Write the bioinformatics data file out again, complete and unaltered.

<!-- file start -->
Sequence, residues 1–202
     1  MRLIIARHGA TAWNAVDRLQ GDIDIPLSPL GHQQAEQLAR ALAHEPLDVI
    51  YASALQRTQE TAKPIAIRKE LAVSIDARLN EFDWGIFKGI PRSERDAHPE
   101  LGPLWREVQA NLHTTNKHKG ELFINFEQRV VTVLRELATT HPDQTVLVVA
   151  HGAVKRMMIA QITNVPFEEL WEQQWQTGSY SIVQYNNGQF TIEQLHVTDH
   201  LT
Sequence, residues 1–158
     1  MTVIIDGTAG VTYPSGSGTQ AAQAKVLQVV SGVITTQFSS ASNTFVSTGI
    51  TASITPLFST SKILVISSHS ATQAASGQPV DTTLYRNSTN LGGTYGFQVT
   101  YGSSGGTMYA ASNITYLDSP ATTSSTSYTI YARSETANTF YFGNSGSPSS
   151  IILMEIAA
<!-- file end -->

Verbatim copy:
Sequence, residues 1–202
     1  MRLIIARHGA TAWNAVDRLQ GDIDIPLSPL GHQQAEQLAR ALAHEPLDVI
    51  YASALQRTQE TAKPIAIRKE LAVSIDARLN EFDWGIFKGI PRSERDAHPE
   101  LGPLWREVQA NLHTTNKHKG ELFINFEQRV VTVLRELATT HPDQTVLVVA
   151  HGAVKRMMIA QITNVPFEEL WEQQWQTGSY SIVQYNNGQF TIEQLHVTDH
   201  LT
Sequence, residues 1–158
     1  MTVIIDGTAG VTYPSGSGTQ AAQAKVLQVV SGVITTQFSS ASNTFVSTGI
    51  TASITPLFST SKILVISSHS ATQAASGQPV DTTLYRNSTN LGGTYGFQVT
   101  YGSSGGTMYA ASNITYLDSP ATTSSTSYTI YARSETANTF YFGNSGSPSS
   151  IILMEIAA